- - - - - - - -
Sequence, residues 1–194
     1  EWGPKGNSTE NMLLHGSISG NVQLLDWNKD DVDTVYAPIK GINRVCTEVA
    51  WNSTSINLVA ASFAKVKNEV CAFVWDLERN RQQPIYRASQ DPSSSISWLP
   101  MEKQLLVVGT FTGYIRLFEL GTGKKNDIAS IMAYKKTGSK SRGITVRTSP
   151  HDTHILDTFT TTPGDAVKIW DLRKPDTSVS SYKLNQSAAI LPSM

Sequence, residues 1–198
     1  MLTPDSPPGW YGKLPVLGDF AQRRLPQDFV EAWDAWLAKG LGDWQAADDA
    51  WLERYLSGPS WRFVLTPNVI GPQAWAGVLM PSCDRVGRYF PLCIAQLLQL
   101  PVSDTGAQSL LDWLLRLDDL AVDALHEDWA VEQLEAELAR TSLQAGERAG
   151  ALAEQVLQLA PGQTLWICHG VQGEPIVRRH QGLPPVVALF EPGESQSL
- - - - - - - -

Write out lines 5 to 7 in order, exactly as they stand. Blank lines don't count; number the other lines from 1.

   151  HDTHILDTFT TTPGDAVKIW DLRKPDTSVS SYKLNQSAAI LPSM

Sequence, residues 1–198
     1  MLTPDSPPGW YGKLPVLGDF AQRRLPQDFV EAWDAWLAKG LGDWQAADDA